The riffs of Harlea’s “Miss Me” are as much a punch in the guts as they are a tender stroke, and with its treacly bass guitars and sultry, echoing vocals that felt descended from a love-in between Shirley Manson and the Jesus & Mary Chain, it’s not hard to see why it garnered hundreds of thousands of plays online when it was released last September. Since her debut, the 24-year-old Birmingham-born, London-based singer-songwriter has kept a remarkably, almost frustratingly low-key presence, but she’s walking a musical path that very few are currently treading, shunning trends for a more old school, leather-jacket-and-whiskey-bottle-strewn road.
Harlea – who moved south at the age of 16, modelled to make ends meet, and bounced between London and LA – has clearly had her fair share of bullshit come her way, if the lyrics to her new track “You Don’t Get It” are anything to go by. “You don’t get it,” she sneers, “so you don’t get it.” As she puts it, the lyrics were inspired by “the overt power of being a woman,” yet her music doesn’t so much contain a message but be the message itself.
She spoke to Dazed about the power of women, fighting categorisation, and losing and rediscovering her true love, music. Read our interview below and check out the brand new music video for “You Don’t Get It”.
You left Birmingham at 16 to move to London, which seems like a pretty frightening move to make at that age. What drove you to leave home?
Harlea: I left because I hated school and I knew whatever it was that I was going to do – and I knew it was creative – did not require me to sit in a classroom. I was done. So I left. So I moved to London and modelled (but) I was always interested in music. I’d loved it from a very young age, but it just sort of fell away from me during my school years. I was having a tough time so I shoved all my music in the back and just focused on school.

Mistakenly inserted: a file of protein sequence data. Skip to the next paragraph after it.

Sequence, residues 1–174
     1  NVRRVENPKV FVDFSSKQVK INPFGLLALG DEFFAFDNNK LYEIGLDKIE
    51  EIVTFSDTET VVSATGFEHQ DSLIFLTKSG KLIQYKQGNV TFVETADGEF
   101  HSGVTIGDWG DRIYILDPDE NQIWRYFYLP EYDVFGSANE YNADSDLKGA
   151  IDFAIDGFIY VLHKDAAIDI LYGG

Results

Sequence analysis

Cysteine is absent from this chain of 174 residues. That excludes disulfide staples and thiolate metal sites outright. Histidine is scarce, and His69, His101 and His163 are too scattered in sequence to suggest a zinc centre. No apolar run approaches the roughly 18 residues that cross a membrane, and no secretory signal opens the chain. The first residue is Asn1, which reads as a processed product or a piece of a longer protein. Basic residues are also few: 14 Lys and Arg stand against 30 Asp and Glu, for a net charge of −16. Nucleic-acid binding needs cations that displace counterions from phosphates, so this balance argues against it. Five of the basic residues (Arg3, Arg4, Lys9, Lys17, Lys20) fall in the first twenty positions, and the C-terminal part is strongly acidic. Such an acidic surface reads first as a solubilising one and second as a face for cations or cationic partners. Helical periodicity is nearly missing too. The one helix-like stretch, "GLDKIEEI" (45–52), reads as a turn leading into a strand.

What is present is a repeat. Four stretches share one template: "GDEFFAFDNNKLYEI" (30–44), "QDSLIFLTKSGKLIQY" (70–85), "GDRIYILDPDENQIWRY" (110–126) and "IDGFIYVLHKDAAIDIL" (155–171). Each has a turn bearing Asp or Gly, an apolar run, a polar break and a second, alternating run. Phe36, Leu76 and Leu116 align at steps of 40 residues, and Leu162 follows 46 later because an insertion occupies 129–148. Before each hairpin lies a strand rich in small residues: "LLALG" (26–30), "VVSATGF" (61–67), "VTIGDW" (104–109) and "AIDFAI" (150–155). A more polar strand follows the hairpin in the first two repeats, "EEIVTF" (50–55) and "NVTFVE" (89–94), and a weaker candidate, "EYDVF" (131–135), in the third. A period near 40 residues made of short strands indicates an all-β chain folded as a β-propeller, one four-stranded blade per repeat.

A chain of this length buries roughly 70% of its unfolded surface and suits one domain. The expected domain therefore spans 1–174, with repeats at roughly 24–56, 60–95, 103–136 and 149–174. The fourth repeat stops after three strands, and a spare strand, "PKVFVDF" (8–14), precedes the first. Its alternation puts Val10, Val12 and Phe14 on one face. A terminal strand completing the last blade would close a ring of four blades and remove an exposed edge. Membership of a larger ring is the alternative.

You say that music found you. How did that happen? Was it meeting musicians, going to gigs or finally having time for yourself again?
Harlea: It was literally just meeting people and then before I knew, I was meeting people in the music industry, and from there I got into meeting people to write with, other musicians, and going to gigs. When I look back, it’s pretty amazing and my love of music kept blossoming from there.
You’re a songwriter, but are you also a musician?
Harlea: I actually don’t play instruments! (laughs) I’ve tried many times, but I purely sing. I’ve sung from a young age, but I didn’t take singing lessons until I was 17 or 18. Everyone asks me if I play guitar because my music is so guitar-heavy, but I wish I could say yes! I’ve just got the smallest hands. I got told it was an excuse but it’s not – my fingers and thumb just don’t reach around the neck of a guitar.
“I hated school and I knew whatever it was that I was going to do – and I knew it was creative – did not require me to sit in a classroom” – Harlea
Maybe a ukulele?
Harlea: So many people have said that! I might have to try it.
Your sound is fairly removed from what’s happening with guitar music and guitar bands, whether female or male. Was that a very conscious decision for your sound or purely coincidental?
Harlea: This is the kind of music that I’ve always loved. Classic rock’n’roll music. I feel like music shouldn’t be a trend, music should last a lifetime. Obviously I get where the trend is and some of the music I have been working is, I guess you could call it a bit more ‘current’, but my real passion is old school vibe. I know not a lot of people are doing that but I thought of it as an advantage, not a disadvantage.